Dear Dr. Roach: I am an elderly woman who has never perspired and would like to know why. Heat makes me very sick. I love the outdoors, but can be out only a short while in the warmer weather. No one seems to have an answer for me.
The name for the condition of no sweating at all is anhidrosis, and there are several causes. There are rare conditions people are born with. These are a possibility, since you have never perspired. However, nearly all of these rare diseases have other significant symptoms you don’t mention.
Damage to sweat glands can be seen in autoimmune diseases and diseases that can destroy sweat glands. None of these is likely, as they too have additional symptoms you would have identified during your life. Likewise, you don’t mention medications, which may have lack of sweating as a side-effect.
I suspect you don’t have a diagnosable disease but rather that you are on the far end of the normal range for sweating (this would be called hypohidrosis). Just as there are people who get drenched with sweat in mildly warm weather, there are some who sweat very little.
Since sweating is a major way of keeping cool, you are at higher risk for heat injury, including heatstroke. Avoiding hot weather, as it sounds like you’ve done, is wise. Sun protection (e.g., wearing a wide-brimmed hat) is also wise, as is making sure you have enough fluids. Avoiding excess heat becomes even more important as you get older, since an older person has less ability to adapt to heat than a younger person.
Dear Dr. Roach: I am a 25-year-old man who was diagnosed with osteoporosis at age 18. It is most likely due to inhaled steroids for childhood asthma, as many other tests by endocrinologists at top institutions have ruled out other possibilities. With six years of exercise, vitamin D and calcium, my bone density is normal in some areas and osteopenia in others.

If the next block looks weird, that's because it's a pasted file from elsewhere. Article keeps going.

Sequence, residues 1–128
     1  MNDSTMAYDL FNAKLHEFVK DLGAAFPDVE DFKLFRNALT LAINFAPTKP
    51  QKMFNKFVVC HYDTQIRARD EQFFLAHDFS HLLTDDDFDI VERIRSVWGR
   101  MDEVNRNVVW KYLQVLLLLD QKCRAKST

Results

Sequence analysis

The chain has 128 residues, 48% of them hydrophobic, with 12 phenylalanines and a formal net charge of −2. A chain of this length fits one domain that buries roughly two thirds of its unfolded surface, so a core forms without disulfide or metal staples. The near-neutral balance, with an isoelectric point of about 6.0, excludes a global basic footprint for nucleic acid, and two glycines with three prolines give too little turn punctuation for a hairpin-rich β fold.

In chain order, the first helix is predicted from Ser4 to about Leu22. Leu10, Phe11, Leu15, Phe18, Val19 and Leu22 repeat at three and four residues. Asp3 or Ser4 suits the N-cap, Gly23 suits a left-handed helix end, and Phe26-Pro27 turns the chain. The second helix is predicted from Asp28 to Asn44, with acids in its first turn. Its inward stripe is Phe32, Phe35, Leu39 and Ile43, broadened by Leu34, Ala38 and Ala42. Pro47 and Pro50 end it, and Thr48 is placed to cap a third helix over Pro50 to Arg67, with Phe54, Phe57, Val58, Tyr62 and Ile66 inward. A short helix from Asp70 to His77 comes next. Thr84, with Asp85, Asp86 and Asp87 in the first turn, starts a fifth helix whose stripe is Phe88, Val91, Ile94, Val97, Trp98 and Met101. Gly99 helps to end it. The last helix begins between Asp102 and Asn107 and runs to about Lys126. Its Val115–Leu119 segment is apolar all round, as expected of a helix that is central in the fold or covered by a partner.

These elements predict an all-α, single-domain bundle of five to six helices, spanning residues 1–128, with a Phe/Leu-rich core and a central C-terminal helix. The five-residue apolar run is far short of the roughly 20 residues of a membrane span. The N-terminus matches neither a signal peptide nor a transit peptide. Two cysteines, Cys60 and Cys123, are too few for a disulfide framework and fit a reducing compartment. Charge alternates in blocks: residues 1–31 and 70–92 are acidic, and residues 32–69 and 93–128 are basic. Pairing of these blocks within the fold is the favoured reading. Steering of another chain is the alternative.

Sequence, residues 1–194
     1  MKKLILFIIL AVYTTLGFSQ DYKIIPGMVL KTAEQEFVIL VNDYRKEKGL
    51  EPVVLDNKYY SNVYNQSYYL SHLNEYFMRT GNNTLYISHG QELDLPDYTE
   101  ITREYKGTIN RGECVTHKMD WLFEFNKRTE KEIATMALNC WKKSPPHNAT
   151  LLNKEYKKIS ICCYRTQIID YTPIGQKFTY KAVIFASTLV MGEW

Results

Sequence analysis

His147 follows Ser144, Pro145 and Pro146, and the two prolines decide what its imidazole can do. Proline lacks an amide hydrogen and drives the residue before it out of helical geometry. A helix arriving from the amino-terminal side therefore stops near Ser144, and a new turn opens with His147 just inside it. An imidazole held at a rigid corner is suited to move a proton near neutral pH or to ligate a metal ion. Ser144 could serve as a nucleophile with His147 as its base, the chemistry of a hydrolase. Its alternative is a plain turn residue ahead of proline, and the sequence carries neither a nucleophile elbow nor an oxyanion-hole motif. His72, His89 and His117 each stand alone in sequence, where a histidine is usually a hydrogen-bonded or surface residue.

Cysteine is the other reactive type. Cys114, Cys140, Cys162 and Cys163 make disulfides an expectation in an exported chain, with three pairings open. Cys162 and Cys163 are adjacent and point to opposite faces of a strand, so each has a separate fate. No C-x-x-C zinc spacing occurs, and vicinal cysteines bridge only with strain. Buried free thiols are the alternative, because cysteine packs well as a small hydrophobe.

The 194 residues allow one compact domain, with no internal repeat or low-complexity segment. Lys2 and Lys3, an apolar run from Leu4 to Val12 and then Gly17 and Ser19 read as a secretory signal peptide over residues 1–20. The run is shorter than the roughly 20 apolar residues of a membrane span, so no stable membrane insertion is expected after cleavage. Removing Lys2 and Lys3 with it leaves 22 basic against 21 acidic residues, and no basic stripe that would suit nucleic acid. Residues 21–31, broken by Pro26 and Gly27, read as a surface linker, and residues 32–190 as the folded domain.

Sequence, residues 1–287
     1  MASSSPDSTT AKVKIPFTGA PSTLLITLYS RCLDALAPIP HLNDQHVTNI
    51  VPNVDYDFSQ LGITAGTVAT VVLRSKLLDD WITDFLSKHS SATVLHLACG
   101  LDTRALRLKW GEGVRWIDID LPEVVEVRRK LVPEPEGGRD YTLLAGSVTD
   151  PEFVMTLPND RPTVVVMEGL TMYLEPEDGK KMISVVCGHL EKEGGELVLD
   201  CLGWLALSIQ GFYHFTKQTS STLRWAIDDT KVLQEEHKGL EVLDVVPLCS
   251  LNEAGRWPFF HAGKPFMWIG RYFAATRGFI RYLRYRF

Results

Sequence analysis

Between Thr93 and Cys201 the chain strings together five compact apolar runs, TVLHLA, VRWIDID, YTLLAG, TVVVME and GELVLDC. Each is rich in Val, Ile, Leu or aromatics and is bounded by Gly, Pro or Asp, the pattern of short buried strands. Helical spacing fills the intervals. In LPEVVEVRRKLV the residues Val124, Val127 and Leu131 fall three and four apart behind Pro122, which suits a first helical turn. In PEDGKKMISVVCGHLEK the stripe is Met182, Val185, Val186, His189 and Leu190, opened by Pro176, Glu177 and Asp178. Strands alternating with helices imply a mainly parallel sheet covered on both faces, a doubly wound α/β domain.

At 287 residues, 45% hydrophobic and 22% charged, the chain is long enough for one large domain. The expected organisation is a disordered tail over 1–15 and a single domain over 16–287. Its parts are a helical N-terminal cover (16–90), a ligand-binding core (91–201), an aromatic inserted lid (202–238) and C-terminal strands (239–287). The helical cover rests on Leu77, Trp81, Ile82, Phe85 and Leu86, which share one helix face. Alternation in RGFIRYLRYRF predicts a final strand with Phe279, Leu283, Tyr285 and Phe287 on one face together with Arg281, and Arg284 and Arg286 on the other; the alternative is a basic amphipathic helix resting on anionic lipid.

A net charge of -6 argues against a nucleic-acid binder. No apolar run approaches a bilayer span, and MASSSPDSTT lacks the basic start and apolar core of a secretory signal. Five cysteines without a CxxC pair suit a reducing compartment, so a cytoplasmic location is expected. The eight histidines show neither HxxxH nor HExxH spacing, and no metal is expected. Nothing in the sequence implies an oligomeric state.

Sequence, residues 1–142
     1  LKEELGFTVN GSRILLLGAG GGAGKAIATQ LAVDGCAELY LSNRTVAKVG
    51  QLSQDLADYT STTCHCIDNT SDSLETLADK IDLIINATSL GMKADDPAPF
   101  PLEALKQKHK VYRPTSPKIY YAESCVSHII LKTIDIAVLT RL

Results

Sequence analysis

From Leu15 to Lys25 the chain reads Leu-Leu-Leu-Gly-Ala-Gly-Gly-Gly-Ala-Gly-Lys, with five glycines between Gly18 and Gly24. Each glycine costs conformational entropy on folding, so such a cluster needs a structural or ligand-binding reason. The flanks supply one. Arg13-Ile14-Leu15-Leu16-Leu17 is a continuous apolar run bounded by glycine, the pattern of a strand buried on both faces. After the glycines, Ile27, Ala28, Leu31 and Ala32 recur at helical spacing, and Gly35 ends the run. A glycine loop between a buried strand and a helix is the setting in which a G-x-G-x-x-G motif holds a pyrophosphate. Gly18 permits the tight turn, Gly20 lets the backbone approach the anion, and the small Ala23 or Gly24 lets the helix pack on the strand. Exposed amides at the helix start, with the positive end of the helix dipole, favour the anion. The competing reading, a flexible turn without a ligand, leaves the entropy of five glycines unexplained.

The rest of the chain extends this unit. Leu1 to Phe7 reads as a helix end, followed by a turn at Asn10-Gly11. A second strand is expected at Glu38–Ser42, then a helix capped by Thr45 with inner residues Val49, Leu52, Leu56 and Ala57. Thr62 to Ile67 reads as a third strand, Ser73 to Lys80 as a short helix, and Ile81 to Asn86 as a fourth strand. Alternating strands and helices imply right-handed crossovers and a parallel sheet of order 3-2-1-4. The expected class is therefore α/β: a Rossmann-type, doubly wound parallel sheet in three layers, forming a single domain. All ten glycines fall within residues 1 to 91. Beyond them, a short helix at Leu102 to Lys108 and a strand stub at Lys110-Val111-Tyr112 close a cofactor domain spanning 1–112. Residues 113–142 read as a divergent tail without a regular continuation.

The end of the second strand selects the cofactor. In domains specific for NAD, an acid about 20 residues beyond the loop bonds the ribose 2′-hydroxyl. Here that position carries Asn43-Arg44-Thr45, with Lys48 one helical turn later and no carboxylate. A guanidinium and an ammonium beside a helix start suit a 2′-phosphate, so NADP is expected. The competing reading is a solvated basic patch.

I also have male pattern baldness, and I am considering taking finasteride. One endocrinologist feels it may interfere with my bone density. I had a second opinion, and the doctor felt 1 mg would not affect my bone density. I do not want to compromise my bones, but I also do not want to lose my hair.
Finasteride and dutasteride work by blocking an enzyme that converts testosterone to dihydrotestosterone. Testosterone is an important hormone in men and women, and it promotes bone mass. Low testosterone is one of the conditions your endocrinologist would have checked you for, as osteoporosis in an 18-year-old man is quite rare. Dihydrotestosterone has few physiological effects in adult men, though it is critically important during puberty. Two effects of DHT are prostate enlargement and male pattern hair loss. Medicines that block the enzyme that allows formation of DHT are used for both these conditions.
The effect of finasteride and dutasteride on bone density has been tested in several studies. Fortunately, the evidence is pretty strong that neither of these agents reduces bone density. In fact, one study showed improvement in bone density in men taking dutasteride compared to a control group.
Evidence is not strong enough to use these medicines as treatment, though it does give reassurance that they are unlikely to harm the bones of men taking them for prostate enlargement or hair loss.
Incidentally, osteoporosis from inhaled steroids is quite rare, as the steroids used now are very poorly absorbed.
Dr. Roach regrets that he is unable to answer individual letters, but will incorporate them in the column whenever possible. Readers can email questions to ToYourGoodHealth@med.cornell.edu